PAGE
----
Father and Friend
People sometimes tell me I have great relationships with my sons who are now adults. They are now good friends, as well as sons. It was not always that way. When they were young, they occasionally concluded an argument saying “You’re not my friend.”
I always responded: “That’s right. I’m your father. Friend isn’t in the job description. You want a friend, find someone your age.”
How do I square that circle? I am still their father, but I am now their friend. I am still their father, but I am no longer raising them. They are now adults, not children. While they were children my job was to turn them into responsible adults. From the time I held my eldest child for the first time until the last one left home, that was my job. I could love them. I could like them. (Indeed I did both love and like them.) I could not be a friend.
Fathers lead, friends follow. Fathers have to say no, friends are there to say yes. Fathers teach responsibility, friends are folks you take along to be wild and crazy.
Being a father does not mean you have to be distant and remote. I participated in their activities. I went on scout trips with them, taught them hobbies and sports, and shared my interests and their interests.
Setting the Example
Being a father does mean setting the example. Your children become the example you set. Do not excuse vices by saying it is a grown-up thing. Kids view that as hypocrisy – rightfully so.
Being a father means you take responsibility. Don’t want them drinking or doing drugs? Don’t drink or do drugs yourself. Teach the values you want your children to have by living them. It also means recognizing when you are wrong – and apologizing when necessary. It is part of setting an example.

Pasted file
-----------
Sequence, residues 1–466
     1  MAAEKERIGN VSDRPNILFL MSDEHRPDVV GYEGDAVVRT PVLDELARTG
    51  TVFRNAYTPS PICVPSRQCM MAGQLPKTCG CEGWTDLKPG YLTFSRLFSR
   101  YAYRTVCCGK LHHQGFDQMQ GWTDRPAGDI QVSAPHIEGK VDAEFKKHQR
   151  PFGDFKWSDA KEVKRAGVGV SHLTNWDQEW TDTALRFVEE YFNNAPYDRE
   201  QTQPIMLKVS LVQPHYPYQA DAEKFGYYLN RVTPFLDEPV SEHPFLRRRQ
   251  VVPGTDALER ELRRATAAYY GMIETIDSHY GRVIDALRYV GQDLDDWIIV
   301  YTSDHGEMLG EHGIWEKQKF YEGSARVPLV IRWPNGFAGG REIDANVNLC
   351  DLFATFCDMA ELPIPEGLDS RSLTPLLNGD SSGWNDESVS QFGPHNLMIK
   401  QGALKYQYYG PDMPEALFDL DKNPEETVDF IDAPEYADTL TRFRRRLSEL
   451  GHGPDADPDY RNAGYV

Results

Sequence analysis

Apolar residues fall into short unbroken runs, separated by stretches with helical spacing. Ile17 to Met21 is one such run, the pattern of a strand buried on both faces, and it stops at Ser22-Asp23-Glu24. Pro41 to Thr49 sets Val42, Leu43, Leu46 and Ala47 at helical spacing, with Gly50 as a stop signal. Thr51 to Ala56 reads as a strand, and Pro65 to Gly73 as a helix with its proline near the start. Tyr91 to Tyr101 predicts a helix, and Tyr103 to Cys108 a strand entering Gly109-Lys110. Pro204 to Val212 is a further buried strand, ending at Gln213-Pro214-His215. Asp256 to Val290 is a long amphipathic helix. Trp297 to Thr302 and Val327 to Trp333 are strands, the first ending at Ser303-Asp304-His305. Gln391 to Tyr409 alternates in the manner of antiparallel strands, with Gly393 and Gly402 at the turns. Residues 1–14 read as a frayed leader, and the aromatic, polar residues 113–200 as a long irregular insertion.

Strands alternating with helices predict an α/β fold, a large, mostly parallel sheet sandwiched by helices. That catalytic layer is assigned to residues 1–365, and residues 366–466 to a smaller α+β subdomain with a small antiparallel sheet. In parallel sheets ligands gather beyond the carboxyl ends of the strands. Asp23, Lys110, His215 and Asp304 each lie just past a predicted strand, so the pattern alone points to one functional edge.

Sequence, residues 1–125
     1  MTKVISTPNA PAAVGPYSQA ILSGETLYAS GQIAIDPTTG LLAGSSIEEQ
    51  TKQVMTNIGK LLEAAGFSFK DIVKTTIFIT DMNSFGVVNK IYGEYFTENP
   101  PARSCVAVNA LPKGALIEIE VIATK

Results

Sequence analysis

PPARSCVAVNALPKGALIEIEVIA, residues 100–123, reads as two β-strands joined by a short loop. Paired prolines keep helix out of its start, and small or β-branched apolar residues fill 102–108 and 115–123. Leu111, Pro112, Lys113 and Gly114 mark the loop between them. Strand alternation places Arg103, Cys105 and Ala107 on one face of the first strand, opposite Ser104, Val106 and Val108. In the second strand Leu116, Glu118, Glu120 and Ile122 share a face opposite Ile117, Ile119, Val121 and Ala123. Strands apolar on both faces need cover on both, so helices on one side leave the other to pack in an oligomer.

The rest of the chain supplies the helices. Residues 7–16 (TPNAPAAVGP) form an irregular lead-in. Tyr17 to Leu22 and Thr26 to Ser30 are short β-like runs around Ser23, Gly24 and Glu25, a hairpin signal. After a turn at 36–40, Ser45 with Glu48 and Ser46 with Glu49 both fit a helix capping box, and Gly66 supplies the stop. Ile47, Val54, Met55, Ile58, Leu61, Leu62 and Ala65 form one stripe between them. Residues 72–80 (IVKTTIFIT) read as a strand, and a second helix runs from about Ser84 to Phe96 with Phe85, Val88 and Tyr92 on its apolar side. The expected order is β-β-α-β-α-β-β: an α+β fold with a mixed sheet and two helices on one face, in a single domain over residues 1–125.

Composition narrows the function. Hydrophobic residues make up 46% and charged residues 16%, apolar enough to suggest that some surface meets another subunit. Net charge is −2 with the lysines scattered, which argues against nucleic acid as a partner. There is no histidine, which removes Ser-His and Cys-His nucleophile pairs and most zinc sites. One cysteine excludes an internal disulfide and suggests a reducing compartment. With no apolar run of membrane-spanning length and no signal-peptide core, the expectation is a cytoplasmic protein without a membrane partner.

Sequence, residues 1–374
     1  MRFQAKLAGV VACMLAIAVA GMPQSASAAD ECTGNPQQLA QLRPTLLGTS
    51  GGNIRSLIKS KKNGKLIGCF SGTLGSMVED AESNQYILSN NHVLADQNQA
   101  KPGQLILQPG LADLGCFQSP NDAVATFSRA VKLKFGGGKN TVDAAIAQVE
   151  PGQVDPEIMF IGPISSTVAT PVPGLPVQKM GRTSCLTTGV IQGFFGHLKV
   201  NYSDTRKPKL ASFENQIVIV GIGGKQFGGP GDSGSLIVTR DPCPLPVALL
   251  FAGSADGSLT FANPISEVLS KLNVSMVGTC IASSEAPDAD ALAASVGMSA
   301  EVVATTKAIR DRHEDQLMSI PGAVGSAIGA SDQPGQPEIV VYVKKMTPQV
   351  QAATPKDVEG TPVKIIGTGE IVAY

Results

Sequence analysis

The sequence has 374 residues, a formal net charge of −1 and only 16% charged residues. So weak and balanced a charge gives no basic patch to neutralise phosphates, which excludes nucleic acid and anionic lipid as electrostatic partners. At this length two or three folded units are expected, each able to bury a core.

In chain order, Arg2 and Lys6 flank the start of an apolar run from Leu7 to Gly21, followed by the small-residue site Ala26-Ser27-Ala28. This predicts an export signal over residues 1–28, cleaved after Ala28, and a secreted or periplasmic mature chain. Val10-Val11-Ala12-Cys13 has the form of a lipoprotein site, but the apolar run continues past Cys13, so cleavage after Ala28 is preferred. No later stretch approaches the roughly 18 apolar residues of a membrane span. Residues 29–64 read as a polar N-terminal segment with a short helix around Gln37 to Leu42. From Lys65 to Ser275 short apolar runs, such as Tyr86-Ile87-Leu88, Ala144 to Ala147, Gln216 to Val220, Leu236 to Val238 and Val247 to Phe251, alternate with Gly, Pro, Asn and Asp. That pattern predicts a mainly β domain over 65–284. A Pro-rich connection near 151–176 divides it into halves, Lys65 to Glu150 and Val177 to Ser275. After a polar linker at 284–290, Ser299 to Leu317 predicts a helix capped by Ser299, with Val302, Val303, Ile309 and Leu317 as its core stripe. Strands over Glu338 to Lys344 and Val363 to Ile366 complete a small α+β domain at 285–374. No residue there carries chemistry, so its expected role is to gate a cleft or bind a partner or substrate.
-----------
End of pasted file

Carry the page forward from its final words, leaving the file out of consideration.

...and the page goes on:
Ultimately, being a father means setting boundaries. Children lack judgment. It is part of the definition of being a child. You provide that judgment. Setting boundaries means being able to say no. It also means knowing your children will constantly test boundaries. Testing boundaries is part of the growing-up process. Setting boundaries also means knowing when to expand them as your children grow older.
Being a father means letting them try on their own, watching them fail, and getting them to try again. It means teaching them the difference between achievable goals and unattainable ones.
Most of all, being a father is preparing your children to be adults, and to let go when they become adults. It is not easy to be a father. Your real reward only comes after two decades of work, when you can lay down the responsibility and be friends with your children.